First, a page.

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Medieval Islamic Thought and the ‘What is X?’ Question

Medieval Islamic Thought and the “What is X?” Question By Thérèse-Anne Druart American Catholic Philosophical Quarterly, Vol.73:1 (1999) Introduction: In his early dialogues Plato presents a Socrates who goes around raising the famous “what is x?” question and receiving no satisfactory answer. In the case of Medieval Islamic Thought the raising of the “what is x?” […]

The sex-selective impact of the Black Death and recurring plagues in the Southern Netherlands, 1349-1450

We present a newly compiled database of mortality information taken from mortmain records in Hainaut, Belgium, in the period 1349-1450, which not only is an important new source of information on medieval mortality, but also allows for sex-disaggregation.

Pilgrim and patron: Cnut in post-conquest historical writing

This article examines a number of short narratives from the late eleventh and early twelfth centuries which relate to the activities of Cnut as king of England.

Heads, shoulders, knees and toes: Injury and death in Anglo-Scottish combat, c.1296-c.1403

For all that has been written about this period, little, however, has been produced regarding the realities of war, the impact that it had on the individual soldier, or the wounds suffered by those who engaged in these conflicts.

The Evil That Kings Do: Kingship, Tyranny and William I in Hugo Falcandus

A study of the presentation of William I of Sicily in the work of the pseudo – Hugo Falcandus, with particular attention to the author’s views on the entirety of the Hauteville dynasty and kingship in Sicily through the lens of his reign.

The many faces of Duchess Matilda: matronage, motherhood and mediation in the twelfth century

In this book I argue that the varied visual and textual source material related to Matilda (1156-1189) provides an insight into her duties and responsibilities at her husband’s court.

Frail or hale: Skeletal frailty indices in Medieval London skeletons

The representative nonmonastic, or lay, community in Medieval London comprises samples from Guildhall Yard (1140–1350 CE), Spital Square (1200–1500 CE), St. Mary Graces (1350–1538 CE), and St. Benet Sherehog (1250–1666 CE).

Policing Violence: Royal and Community Perspectives in Medieval France

It is the purpose of this thesis to demonstrate that there were legitimate and acceptable forms of violence that could be used to police society.

Naming Particulars: A Thirteenth-Century Debate on Whether Individuals Have Proper Names

This dissertation is about a debate that occurred in thirteenth-century philosophy over an apparently bizarre question: Can individuals really have proper names?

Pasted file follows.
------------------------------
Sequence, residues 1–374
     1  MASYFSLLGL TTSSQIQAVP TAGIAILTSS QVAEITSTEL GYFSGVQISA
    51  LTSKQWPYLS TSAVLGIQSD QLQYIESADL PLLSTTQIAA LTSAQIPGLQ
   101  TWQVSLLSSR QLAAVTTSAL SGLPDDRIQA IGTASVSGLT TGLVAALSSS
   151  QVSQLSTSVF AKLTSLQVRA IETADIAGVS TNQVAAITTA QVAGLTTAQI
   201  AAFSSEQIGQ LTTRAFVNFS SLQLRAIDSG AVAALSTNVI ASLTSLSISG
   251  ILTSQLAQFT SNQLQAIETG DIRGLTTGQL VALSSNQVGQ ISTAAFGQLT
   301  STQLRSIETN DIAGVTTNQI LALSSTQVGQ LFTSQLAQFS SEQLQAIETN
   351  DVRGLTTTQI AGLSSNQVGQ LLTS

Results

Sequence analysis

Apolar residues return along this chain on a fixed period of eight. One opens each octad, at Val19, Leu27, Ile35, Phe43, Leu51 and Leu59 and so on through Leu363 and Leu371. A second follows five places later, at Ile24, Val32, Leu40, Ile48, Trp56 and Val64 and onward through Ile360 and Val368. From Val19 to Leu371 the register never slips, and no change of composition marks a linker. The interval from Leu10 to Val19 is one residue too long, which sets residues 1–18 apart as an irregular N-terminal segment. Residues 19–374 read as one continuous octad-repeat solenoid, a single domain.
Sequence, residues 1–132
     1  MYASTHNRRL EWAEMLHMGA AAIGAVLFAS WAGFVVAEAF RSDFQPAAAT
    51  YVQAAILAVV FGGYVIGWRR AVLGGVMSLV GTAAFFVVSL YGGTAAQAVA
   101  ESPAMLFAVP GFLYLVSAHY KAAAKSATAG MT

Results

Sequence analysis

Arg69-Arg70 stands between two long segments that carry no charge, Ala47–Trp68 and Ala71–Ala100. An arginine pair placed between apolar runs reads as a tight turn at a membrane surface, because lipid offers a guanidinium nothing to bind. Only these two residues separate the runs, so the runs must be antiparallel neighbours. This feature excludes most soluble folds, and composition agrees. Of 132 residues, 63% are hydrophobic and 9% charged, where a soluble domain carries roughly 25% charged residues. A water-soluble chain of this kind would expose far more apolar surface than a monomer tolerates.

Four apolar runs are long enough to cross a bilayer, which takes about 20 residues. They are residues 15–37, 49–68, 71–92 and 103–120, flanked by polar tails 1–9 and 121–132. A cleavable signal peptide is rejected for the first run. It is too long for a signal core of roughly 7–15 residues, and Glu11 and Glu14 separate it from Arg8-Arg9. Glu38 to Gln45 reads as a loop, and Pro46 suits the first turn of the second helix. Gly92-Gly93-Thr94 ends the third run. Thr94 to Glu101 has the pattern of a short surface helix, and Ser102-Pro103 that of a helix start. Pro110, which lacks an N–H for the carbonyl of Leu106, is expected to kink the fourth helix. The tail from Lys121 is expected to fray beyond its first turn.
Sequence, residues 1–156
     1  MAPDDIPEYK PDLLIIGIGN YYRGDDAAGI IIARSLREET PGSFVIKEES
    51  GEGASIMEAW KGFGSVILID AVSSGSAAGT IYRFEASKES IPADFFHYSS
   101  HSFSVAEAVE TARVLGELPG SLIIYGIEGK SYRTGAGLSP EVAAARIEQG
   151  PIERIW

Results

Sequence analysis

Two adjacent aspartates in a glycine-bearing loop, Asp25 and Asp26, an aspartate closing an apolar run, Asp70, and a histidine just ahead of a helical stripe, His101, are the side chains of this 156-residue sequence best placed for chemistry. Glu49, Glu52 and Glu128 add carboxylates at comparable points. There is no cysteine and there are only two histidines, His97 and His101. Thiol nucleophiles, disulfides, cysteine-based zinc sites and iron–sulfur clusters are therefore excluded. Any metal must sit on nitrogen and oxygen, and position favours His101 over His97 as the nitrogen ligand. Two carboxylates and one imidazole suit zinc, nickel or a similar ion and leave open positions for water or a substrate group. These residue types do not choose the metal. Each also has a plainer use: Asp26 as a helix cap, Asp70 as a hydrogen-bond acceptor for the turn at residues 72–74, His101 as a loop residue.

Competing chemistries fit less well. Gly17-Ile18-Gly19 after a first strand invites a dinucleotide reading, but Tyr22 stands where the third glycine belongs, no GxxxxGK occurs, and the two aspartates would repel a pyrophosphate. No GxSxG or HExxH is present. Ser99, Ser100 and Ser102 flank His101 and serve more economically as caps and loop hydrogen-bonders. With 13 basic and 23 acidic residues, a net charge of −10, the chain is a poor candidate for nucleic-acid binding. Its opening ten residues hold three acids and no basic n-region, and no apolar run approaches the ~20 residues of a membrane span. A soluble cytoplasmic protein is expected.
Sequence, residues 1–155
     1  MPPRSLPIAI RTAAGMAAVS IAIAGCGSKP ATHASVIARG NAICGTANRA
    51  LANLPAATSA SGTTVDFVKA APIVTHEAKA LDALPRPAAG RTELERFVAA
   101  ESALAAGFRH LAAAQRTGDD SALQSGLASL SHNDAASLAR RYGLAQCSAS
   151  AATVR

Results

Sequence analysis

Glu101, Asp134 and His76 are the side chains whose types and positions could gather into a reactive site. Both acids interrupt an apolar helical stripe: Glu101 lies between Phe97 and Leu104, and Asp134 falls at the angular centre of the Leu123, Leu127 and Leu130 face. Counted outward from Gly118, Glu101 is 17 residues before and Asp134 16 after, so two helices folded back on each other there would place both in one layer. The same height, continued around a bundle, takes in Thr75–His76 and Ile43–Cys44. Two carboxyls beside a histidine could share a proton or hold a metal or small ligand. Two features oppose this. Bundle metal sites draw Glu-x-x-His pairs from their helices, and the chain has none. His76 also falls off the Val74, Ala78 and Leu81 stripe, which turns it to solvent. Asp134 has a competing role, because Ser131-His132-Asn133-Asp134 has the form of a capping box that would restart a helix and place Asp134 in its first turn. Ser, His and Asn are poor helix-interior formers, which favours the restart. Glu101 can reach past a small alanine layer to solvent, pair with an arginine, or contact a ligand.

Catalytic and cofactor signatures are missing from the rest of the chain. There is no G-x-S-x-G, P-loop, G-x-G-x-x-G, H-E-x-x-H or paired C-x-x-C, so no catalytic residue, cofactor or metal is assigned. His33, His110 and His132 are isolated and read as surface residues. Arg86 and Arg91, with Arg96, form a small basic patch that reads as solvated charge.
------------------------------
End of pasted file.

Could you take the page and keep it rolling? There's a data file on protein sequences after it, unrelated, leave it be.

The dragon’s skull: how can zooarchaeologists contribute to our understanding of otherness in the Middle Ages?

This paper explores how the study of animal bones, and the material practices associated with responses to other species, can build on the foundations of existing scholarship on otherness, alterity and monstrosity. 

Medieval and modern concepts of rights: how do they differ?

The concept of a right has not changed since the middle ages and neither have the kinds of justifications given for recognising rights.

The career of Roger Mortimer, first earl of March (c.1287-1330)

A straightforward analysis of his regime is accompanied by a demonstration that, even though the court dictated political life, Roger Mortimer was able to extend his influence across the British Isles and pose a serious threat to the kingship of Edward III.

Ireland in Late Antiquity: A Forgotten Frontier?

This paper argues that it is more fruitful to examine the relationship between Ireland and its neighbors from c. 150–c. 550 C.E., through a frontier dynamic, a dynamic in which religious identity was but one factor among many.

Justinian and the Senate of Rome under Ostrogothic Rule

Although this law deals with a dry, technical matter, interesting only to the students of Roman civil law, especially testamentary law, it is also quite interesting for the study of the law making procedure in the time of Justinian.

What is Medieval Paratext?

When considering medieval manuscripts, what is marginal, and what is not?

Willing Body, Willing Mind: Non-Combatant Culpability According to English Combatant Writers, 1327–77

In this essay I challenge these notions by exploring English combatants’ presentation of devastation and attacks against noncombatants during the wars of Edward III.

Donationes pro remedio animae as Total Social Facts: A Case Study from the Twelfth Century Margraviate of Istria

The author analyzes the donation charter by which a noble couple, Ulrich II and his wife Adelaide, gifted numerous properties in Istria to the Church of Aquileia for the salvation of their souls (16th November, 1102).

How Legend Constructs French National Identity: Jeanne d’Arc

Since the fifteenth century, French authors have (re)told the story of Jeanne d’Arc.

Joan of Arc through the Ages: In Art and Imagination

Since her death at the hands of the English in 1431, Joan of Arc has inspired and puzzled millions.

Greening Gawain: connecting environmental damage and masculinity in Sir Gawain and the Green Knight

This paper explores medieval environmental attitudes through a historical reading of Sir Gawain and the Green Knight

What You Look At, You Make: Menstruation and Fertility in Italian Renaissance Art

This project seeks to better comprehend Renaissance Italian attitudes towards menstruation and its roles in art through fertility imagery.

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